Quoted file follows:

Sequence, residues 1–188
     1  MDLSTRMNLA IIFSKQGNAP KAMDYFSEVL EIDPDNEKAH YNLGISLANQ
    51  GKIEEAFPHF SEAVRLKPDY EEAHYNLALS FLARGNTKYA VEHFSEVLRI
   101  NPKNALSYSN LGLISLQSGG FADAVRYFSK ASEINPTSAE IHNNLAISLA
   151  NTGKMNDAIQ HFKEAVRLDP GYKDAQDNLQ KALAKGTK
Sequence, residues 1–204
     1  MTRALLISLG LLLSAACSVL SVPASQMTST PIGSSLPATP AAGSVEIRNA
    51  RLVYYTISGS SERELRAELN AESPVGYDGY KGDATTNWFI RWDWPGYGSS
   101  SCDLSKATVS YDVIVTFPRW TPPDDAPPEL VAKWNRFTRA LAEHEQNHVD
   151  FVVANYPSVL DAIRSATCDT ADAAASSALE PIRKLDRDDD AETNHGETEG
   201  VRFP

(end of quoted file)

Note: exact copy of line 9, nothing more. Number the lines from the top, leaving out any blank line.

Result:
   101  SCDLSKATVS YDVIVTFPRW TPPDDAPPEL VAKWNRFTRA LAEHEQNHVD